The carnations by the window were wilted and brown. Gertrude, a woman pushing the age of ninety, gazed at their simple vase with a longing she didn’t quite understand. All she knew was that it captured her attention far more than the old television in the corner and the bland artwork on her walls.
An excessive heat beat down on Gertrude’s window and trickled through the mullions. Though she had the desire to fan herself, her wrists were too brittle for such a thing. The retirement home had their air conditioners on full blast, yet it did little to combat the outside world.
When there was a tap on the door, Gertrude turned to look. A young man had appeared with a fresh bouquet of flowers and a decorative paper fan. His kind smile washed over every inch of the room. It was a familiar kindness, one that Gertrude recognized instantly.
“Stewart! Are those pretty flowers for me?”
“Hi, Grandma,” he greeted her. He gave her a brisk peck upon the cheek before crossing to her vase. He replaced the dying carnations with an assortment of daisies. “I hope you like this arrangement. I thought you might like something other than carnations for once.”
“I love them, Stewart. You’re such a thoughtful gentleman. How’s school?”
He took a place at her bedside where he could fan her lightly. “Well, it’s summer. I don’t have school until fall.”
“Oh, that’s right. Which year are you going into again?”
“I’ll be a junior in high school.”
“Of course! I knew that. You’re always so sweet to come see me. When were you here last time?”
“I come every Friday, Grandma. I sit with you in the afternoon right before your naptime.”
Gertrude nodded her head. “Yes, that’s right. I always wait for you, you know. I don’t always know why I’m waiting, but then you come and I remember. How’s your mother? She hasn’t come to see me.”
“She’s doing good. She told me to tell you that she’s sorry she hasn’t been by. Work and all that. But she’ll be by real soon, okay?”
“Okay. That’s fine. At least you’re here. I get lonely sometimes.”
“I know. That’s why I come,” he said. His fan kept a steady breeze flowing towards her face. “How’s this? Helping with the heat?”
She grinned at the thoughtful teen. “Yes. Quite. It is so hot. Tell me, how are your sisters? Why don’t they ever come?”
“They’re away at college. They’re okay. Studying hard.”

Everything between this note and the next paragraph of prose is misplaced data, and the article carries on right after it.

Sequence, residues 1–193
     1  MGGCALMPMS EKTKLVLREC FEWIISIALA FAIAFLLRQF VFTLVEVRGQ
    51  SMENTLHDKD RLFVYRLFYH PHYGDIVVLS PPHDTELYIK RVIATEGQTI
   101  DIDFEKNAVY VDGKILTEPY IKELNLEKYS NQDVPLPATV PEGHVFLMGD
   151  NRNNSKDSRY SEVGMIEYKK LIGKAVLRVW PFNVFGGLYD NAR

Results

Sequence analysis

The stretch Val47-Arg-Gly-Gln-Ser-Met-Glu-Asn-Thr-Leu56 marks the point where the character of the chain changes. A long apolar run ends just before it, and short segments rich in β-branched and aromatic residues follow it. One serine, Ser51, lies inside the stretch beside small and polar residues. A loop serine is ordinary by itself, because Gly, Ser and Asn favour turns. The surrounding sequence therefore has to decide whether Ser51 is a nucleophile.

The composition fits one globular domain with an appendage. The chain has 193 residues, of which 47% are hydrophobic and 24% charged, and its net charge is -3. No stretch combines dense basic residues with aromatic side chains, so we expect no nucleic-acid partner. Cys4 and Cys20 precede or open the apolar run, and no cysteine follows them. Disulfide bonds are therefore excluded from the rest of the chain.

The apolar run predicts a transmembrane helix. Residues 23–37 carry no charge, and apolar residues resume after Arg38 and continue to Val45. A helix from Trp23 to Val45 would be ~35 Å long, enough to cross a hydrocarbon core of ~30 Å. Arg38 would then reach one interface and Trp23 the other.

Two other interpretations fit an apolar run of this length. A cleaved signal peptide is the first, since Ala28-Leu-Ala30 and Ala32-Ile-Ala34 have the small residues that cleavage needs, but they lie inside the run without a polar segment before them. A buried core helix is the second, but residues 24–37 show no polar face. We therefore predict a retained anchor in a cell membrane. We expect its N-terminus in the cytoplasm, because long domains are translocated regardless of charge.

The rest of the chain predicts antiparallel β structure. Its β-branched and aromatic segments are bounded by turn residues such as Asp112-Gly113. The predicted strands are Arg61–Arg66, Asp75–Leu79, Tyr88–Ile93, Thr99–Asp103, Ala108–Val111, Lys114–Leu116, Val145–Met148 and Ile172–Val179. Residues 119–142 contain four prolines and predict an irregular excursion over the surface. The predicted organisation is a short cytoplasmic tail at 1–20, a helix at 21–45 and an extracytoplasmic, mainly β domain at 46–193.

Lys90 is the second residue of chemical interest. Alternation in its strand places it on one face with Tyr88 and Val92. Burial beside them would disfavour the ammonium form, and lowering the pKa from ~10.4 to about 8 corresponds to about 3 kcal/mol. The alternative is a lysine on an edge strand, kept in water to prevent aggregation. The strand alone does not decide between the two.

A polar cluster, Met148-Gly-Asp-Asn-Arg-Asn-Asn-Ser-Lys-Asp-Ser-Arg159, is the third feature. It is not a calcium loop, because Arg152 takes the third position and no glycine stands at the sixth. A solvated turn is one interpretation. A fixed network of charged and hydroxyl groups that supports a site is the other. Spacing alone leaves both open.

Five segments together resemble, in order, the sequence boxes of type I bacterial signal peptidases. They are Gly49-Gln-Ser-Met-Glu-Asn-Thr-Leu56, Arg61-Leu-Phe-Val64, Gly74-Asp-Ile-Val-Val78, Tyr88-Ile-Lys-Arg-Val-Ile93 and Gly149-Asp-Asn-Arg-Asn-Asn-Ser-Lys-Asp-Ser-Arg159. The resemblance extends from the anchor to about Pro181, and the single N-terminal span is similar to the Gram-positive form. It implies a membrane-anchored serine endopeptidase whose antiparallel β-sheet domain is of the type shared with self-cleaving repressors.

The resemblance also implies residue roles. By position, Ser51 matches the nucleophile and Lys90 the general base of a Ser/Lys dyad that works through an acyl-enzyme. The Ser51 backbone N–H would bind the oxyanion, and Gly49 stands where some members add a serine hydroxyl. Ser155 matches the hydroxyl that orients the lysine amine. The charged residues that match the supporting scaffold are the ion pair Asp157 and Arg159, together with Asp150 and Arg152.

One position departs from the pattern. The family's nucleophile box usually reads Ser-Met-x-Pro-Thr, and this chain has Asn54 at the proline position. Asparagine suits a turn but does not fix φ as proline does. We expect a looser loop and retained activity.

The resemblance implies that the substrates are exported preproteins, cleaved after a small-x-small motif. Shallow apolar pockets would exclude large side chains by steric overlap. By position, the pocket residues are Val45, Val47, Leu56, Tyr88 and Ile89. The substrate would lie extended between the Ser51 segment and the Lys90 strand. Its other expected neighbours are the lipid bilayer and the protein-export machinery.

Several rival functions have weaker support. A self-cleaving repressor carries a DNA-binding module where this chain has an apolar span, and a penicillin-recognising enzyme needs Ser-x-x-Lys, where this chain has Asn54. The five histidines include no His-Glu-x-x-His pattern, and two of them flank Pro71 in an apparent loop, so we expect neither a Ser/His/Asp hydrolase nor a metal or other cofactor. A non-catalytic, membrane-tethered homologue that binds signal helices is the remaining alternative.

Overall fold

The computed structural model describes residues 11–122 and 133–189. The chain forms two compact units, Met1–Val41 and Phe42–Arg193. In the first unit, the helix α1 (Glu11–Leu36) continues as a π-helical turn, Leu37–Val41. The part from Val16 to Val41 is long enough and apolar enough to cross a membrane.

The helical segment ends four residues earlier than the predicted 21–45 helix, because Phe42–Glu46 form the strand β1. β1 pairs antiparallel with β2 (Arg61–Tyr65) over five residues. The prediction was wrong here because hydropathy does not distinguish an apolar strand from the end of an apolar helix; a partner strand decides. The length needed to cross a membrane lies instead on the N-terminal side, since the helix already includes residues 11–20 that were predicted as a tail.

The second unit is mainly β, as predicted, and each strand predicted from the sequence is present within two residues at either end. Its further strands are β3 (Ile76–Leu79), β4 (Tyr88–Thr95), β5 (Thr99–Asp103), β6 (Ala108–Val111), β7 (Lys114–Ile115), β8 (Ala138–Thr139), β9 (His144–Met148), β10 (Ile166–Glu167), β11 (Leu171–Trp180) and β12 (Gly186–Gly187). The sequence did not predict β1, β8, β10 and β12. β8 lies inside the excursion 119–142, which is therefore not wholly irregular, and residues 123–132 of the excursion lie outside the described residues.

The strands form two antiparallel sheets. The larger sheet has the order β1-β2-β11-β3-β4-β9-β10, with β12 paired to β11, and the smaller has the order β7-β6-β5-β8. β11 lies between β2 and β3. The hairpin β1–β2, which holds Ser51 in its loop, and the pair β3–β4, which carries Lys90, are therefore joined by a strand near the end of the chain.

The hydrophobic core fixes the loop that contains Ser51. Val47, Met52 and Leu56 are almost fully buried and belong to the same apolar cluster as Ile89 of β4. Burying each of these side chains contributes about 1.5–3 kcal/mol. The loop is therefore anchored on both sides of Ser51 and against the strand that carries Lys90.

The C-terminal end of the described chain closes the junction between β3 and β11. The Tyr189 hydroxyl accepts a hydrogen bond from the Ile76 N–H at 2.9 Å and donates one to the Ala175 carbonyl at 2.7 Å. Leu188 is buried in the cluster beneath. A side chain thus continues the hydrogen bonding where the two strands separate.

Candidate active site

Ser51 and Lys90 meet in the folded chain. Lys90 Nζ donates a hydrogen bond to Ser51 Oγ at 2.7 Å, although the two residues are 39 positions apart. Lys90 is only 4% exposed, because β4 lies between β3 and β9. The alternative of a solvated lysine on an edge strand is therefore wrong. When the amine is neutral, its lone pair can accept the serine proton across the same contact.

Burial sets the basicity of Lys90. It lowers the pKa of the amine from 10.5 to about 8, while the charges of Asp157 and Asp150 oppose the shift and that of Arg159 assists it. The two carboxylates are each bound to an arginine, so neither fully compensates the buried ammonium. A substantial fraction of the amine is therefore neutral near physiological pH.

“Oh. How nice,” Gertrude replied as her eyelids grew heavy. “My, I think naptime is coming soon. Stewart, talk to me until I fall asleep. And promise you’ll be back.”
“I’ll be back next Friday. Why don’t I talk about my job at the florist? How I’m always around flowers.”
"Yes. I’d like that, Stewart.”
As he told Gertrude about the flower arrangements he had created and the bouquets he had delivered, he carefully fanned her aging skin. She soon fell into a deep sleep. Once he heard her snores, he gave her a final kiss on the forehead and slipped out of her room.
He expertly navigated the halls of the nursing home, as he knew the facility better than even his high school. His final destination was the front desk. The caregivers on duty, Meghan and Viola, were looking over their files upon his arrival. He held up his paper fan to get their attention.
Meghan noticed the colorful print in the corner of her eye. “That’s a beautiful fan. It looks expensive.”
“Nah, it’s nothing. I picked it up from the dollar store. I want to leave it with you, though. Maybe you could go in there and fan Mrs. Herkins later. She seemed to like it,” he replied.
“I bet. A fan like this one is perfect for a scorcher like today. It’s sweet of you to give it to us,” Meghan said. She flashed a quick and curious grin. “Who is it tomorrow?”
The teen thought for a moment. “Derek. Mr. Thames’ grandson. It’s Rodney after that. Mrs. Yelich’s grandnephew.”
“Good. They could use a visit. I’ll see you tomorrow, Jake. And thanks again for the flowers. They always make the reception area smell so much nicer.”
Jake shrugged it off. “It’s my pleasure. I’ll be around. And it was nice to meet you, Viola. I hope you like working here. Everyone is super nice.”
With that, Jake left the nursing home. Viola, who was only on her third shift, raised an eyebrow. “I’m lost. Who was that young man? He told me he was Mrs. Herkins’ grandson.”
“Today he is. His real name is Jake Orbison. He used to come here to visit his grandmother. She passed away last winter. Ever since then, he comes here to spend time with the patients who have different types of dementia—and no visitors. He becomes whoever it is they’re longing to see. Brings them gifts or flowers. They never know the difference, and they’re much happier after he visits. I swear, that kid is an angel.”
Viola felt tears come to her eyes. “I’ve never heard of such a sweet gesture.”
“Yep. He told me that the thought of someone’s grandparent being forgotten in their final days makes his heart hurt. Seeing him do what he does…it’s made me understand that all anybody wants in this world is to feel like someone cares.”
Not far from the nursing home, Jake rode his bicycle to the local cemetery. After a brisk walk, he reached his grandmother’s grave. He had a few daisies left from his bouquet for Gertrude Herkins, which he set at the headstone’s base. His fingers pressed to his lips and then to his grandmother’s beautifully engraved epitaph.
“You taught me how to care, Grandma. I hope you’re proud of what I’m doing,” Jake whispered. “See you next week. I think I’ll bring you lilies…”